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Freelance Writer’s Rights

Most writers have a certain ownership of their words.

Of course we do! As professionals, we also expect others to pay us for our words.

When publishers or editors purchase an article or story, they often request or require certain rights to that work.

In other words, the author may not maintain complete ownership of his or her darlings.

How do you know which rights you are willing to give up and which you will cling to until your ship sails out into the great big sea? You’ve got to read the fine print.

Here, in a nutshell, are the common rights often requested by editors and publishers.

Have a contract that isn’t perfect? Don’t be afraid to ask questions!

All rights or sole rights

When you sign away all rights, you sign away all rights. You maintain authorship and a byline to the piece, but you cannot publish the piece anywhere else – forever until the end of time.

As you might guess, many writers hesitate to sign away all rights, but there may be instances (perhaps if the payment is exponentially large) where you might consider giving up all rights.

First rights

Here, you are giving a publication the opportunity to be the first to publish your work. You maintain a byline to that work. Typically, you give up rights for a specified amount of time – say three months. After that, all rights revert back to you and you are free to resell and republish the piece.

Giving up first rights is very common. Many publications want to be the first to publish an article, they aren’t as happy with reprints. Writers don’t mind giving up first rights because after the specified amount of time, all rights return to them.

Resale or reprint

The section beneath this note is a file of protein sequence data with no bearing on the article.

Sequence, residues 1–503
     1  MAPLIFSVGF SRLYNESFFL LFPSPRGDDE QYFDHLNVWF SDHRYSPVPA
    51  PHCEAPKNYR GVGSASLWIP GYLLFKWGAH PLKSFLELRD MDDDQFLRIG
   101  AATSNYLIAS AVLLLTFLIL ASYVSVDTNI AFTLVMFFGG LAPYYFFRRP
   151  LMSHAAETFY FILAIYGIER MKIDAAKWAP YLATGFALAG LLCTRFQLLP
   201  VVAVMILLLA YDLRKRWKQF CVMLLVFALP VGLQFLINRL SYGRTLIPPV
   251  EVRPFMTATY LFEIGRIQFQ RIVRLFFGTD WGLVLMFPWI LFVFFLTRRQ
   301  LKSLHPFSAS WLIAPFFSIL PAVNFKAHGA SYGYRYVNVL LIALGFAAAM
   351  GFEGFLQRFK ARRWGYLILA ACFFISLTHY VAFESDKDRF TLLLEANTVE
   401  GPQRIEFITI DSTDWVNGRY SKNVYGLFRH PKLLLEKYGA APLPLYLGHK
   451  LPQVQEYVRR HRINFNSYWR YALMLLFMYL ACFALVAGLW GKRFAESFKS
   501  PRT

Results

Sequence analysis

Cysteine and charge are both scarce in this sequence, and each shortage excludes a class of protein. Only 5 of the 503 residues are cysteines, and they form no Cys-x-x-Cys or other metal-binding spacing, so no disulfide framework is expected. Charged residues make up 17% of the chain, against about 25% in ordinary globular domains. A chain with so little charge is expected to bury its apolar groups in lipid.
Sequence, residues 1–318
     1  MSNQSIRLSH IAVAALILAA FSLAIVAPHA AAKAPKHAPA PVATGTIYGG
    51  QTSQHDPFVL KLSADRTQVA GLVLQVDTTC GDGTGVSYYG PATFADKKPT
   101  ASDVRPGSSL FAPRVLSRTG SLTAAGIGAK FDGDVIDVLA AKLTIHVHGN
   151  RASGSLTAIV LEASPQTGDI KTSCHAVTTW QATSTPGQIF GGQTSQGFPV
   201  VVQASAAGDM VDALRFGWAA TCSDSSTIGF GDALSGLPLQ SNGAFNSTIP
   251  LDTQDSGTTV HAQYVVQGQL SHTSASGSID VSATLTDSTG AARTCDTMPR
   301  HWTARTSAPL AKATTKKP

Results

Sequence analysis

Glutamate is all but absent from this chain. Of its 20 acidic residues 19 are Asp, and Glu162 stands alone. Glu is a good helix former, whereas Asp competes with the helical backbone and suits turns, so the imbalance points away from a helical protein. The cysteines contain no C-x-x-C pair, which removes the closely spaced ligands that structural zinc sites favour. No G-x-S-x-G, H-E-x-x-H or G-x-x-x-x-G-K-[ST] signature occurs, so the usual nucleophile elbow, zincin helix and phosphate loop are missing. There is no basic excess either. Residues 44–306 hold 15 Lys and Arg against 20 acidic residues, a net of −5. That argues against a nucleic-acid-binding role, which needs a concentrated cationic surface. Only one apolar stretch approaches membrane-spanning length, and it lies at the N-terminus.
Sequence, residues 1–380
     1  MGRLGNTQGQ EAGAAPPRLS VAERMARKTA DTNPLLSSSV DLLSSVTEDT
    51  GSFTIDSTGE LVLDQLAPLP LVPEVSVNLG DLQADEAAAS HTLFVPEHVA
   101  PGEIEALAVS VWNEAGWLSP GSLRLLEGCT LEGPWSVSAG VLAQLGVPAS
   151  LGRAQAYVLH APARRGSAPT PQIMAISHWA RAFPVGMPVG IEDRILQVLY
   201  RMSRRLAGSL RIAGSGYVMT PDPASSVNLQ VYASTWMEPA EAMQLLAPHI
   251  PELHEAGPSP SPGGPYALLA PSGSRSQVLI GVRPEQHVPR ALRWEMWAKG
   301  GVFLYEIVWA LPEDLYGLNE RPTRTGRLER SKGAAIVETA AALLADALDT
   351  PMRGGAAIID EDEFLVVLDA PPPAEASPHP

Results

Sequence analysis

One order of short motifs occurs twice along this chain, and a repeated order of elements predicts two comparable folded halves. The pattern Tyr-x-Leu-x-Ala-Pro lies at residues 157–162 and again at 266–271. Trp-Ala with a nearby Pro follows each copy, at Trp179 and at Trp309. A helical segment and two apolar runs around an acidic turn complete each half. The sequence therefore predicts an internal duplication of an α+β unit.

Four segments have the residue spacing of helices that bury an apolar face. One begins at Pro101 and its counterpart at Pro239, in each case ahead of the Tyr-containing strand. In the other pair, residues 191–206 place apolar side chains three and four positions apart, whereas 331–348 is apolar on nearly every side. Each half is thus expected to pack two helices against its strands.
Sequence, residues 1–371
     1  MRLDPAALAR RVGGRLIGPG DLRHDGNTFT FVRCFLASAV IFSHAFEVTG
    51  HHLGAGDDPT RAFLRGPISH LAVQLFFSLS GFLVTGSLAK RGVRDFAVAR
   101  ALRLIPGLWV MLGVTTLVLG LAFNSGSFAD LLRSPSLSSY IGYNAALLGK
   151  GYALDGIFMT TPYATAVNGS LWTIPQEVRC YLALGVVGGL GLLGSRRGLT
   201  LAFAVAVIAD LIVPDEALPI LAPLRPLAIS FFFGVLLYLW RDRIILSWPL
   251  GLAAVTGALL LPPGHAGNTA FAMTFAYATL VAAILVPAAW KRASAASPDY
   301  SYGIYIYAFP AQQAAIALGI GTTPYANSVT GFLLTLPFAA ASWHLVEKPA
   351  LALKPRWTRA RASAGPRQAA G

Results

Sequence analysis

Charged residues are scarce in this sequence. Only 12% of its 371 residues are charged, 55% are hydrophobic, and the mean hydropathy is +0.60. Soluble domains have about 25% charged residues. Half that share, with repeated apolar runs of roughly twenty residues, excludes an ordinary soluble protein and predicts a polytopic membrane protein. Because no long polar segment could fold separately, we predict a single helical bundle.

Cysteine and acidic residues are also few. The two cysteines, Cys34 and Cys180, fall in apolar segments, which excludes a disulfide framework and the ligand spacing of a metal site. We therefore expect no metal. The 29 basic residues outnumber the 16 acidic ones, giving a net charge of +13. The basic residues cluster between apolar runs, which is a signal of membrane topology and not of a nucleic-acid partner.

With resale, you are selling an article a second (or third or fourth) time after its initial printing. The publication knows it is purchasing a reprint, so typically the paycheck will be smaller as compared to a first rights article. You maintain a byline and all other rights to the work.

Syndication or self-syndication

Syndication is resale on steroids. Here, you sell one article (or often a series of articles) to multiple sources at the same time. In theory, you collect a bunch of small paychecks versus one larger paycheck for a first rights article. You maintain authorship, a byline, and other future rights to the work.


The main difference between ghostwriting and other freelance work is authorship and a byline. With ghostwriting, you give up the byline. In exchange, you typically garner a larger paycheck. Ghostwriting often pays well.

Because you are giving up the byline, you are also giving up the option to resell the piece in other markets.

Private Label Rights (PLR)

With PLR, you are selling your words and giving the purchasing entity all rights to them. This means they can be revised, edited, cut, added to other material and changed in any way. You don’t maintain your byline. You don’t have control over where your piece is published.

It goes without saying that a writer wants to have good reason to enter into a PLR situation. If you do, make sure it will benefit you.

Other contract considerations

Every contract is different (or so it seems). Some contracts will give the publishing entity right to change or edit a piece. Other contracts allow the author to maintain those rights. Sometimes a contract allows the purchaser to publish the article in print and online. Sometimes, in large companies, the contract stipulates that the work can be printed in any of the company’s publications.

None of these contractual requests is innately “bad” or “good.” It all depends on your situation and what you want your specific article or story to do for you. If you are confronted with a contract that seems less than perfect, don’t be afraid to ask questions of the editor or publisher. Often, contracts can be revised so all parties are satisfied.

Freelance writers make a living from their words (or they try to). The rights you give up to your work can differ greatly from one publication (and contract) to another.

Bottom line? Read the fine print before signing on the bottom line. If you sign away specific rights, do so because the benefits to your writing career outweigh the costs of giving up those rights.